Morning Five: 04.22.13 Edition
Posted by nvr1983 on April 22nd, 2013
- One of the key topics discussed in NCAA reforms has been the use of one-year renewable scholarships that some say provide schools to get rid of student-athletes who are no longer fit in the program’s plans. Last year, the NCAA allowed schools to offer multiyear scholarships, but as The Chronicle of Higher Education points out very few schools have moved in that direction. The schools offer a variety of explanations mostly focusing on not wanting to give 17- or 18-year olds “more entitlement” (as if they coaches and administrators are not living similar lives with high salaries, plenty of benefits, and relatively little oversight). As the article points out schools can include a variety of stipulations–both academic and legal–that provide them a way out if the student-athlete fails to live up to his or her obligation. In our opinion, schools should use the option of multiyear scholarships to their advantage by using them as a tool to help lure recruits to their school over schools that do not offer multiyear scholarships.
- We cannot remember many players who went from (non-medical) redshirts for first-round picks in one season, but Kelly Olynyk appears to be on the verge of doing so after declaring that he would be entering the NBA Draft and forgoing his senior year. Olynyk, who had shown flashes of brilliance in international play appeared to be a flop at Gonzaga before sitting out a year and returning with a revamped game, averaged 17.8 points on a ridiculous 63% from the field and 7.3 rebounds per game on his way to becoming a consensus first team All-American. Given the depth of next year’s class and the fact that we don’t expect Olynyk to continue on his meteoric trajectory (a fact that NBA team would probably mark him down for) this seems like a reasonable decision. The West Coast Conference should still be Gonzaga’s to lose, but this should take them out of the discussion as national title contenders.
- Midnight Madness could be coming sooner than you had previously expected as NCAA approved a motion to allow schools to start practicing six weeks before their first game instead of the prior rule of practicing four weeks before their first game. The actual amendment is slightly more complicated than that as it allows schools to start practicing six weeks before the first game for a maximum of 30 days of practice (essentially allowing schools to practice five days a week on average for those six weeks). The only thing in the way of starting practices two weeks earlier is a May 2 meeting in which the Board of Directors can strike down the measure. We do not see much harm in the measure (it is the coaches job to make sure their players do not wear down as the season goes on) and it should make for a higher level of play early in the season and we think that everybody is for that.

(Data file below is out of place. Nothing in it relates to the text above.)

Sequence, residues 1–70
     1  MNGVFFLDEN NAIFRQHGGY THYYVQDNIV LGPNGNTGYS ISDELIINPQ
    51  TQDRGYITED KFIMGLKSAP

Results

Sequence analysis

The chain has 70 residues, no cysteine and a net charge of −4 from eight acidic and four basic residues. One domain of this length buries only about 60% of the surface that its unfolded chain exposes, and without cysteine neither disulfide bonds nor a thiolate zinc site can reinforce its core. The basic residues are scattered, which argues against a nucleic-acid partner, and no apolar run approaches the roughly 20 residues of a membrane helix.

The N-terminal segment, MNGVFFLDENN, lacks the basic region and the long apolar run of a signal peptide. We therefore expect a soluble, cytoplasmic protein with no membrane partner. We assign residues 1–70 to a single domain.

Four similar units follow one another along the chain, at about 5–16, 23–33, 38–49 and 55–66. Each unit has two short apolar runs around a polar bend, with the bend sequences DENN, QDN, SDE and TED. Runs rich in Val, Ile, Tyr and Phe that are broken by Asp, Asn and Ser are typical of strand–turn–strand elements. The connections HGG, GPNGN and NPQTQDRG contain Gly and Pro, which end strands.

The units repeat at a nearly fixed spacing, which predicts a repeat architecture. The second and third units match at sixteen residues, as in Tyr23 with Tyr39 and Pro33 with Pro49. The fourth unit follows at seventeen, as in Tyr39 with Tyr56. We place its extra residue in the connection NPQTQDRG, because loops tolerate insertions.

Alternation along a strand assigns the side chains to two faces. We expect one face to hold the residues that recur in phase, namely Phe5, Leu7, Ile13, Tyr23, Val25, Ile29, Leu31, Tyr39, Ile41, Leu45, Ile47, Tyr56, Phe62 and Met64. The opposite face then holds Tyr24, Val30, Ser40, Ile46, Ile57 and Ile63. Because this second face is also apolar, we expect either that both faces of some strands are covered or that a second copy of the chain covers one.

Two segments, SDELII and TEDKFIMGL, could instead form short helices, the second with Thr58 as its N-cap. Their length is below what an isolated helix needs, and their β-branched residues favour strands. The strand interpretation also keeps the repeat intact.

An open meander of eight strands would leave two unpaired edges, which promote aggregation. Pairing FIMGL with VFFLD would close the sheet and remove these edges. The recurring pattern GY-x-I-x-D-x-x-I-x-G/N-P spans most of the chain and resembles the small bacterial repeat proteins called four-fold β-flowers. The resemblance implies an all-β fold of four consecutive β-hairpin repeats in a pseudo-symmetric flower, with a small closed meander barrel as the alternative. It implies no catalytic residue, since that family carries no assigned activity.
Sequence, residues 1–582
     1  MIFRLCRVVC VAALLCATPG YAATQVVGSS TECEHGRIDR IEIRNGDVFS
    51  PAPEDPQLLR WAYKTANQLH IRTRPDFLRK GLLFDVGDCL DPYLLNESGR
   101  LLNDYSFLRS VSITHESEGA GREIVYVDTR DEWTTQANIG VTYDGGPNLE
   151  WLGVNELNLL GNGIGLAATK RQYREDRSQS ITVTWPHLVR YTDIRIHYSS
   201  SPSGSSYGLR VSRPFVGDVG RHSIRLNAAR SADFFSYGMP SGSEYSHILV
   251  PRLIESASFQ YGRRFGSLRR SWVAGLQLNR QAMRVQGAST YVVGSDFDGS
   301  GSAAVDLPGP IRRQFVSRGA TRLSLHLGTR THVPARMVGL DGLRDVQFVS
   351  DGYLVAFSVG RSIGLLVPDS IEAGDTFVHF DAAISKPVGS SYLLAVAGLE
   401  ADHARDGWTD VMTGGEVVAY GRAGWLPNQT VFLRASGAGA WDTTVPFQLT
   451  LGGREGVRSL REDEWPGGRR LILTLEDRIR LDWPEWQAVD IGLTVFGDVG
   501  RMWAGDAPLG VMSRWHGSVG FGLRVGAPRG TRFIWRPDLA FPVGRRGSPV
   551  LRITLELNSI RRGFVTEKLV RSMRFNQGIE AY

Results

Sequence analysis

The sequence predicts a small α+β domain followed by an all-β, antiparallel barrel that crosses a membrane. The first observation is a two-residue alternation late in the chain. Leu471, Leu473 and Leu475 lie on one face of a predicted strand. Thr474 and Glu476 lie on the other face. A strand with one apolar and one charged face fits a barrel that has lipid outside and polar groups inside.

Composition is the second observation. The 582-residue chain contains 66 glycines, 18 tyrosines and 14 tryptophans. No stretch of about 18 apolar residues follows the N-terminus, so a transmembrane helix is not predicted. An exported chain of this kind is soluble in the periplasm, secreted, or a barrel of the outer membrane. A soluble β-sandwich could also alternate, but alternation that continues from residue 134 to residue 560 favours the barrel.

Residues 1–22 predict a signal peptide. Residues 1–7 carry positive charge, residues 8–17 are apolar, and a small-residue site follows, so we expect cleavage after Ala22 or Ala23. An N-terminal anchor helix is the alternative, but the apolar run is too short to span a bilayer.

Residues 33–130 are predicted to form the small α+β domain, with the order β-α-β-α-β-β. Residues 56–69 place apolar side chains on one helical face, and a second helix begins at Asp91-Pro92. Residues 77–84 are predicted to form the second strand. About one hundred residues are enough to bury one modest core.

- Chris Collins’ job of getting Northwestern into the NCAA Tournament might have to wait a few years, but he should at least field a competitive team next year as the team’s top player–Drew Crawford–announced on Friday that he would be returning for his senior year. Crawford, who averaged 13.5 points per game last season before undergoing surgery for a torn labrum, will not make the Wildcats a NCAA Tournament team it should keep them out of the Big Ten cellar. Perhaps the biggest effect of Crawford’s return to Evanston on a national level will be his decision not to go to Missouri or Marquette, which were the two schools most often cited as potential destinations for Crawford who will graduate in June and could have transferred without sitting out a year as a graduate student.
- Unfortunately for Eddie Jordan he was not afforded the same luxury as his top player–Eli Carter–has decided to transfer from the school and was granted a release on Friday. Carter is the fifth Scarlet Knight player to transfer from the school since the Mike Rice videotapes were released. When combined with players graduating this means that the team will be losing four of its top six players. We are not sure if there was anything that could have been done to prevent this (well outside of not letting Rice stay on as coach to terrorize his players), but the slow process that Rutgers is using to officially hire Jordan (he still has not officially been named the coach) is not helping matters.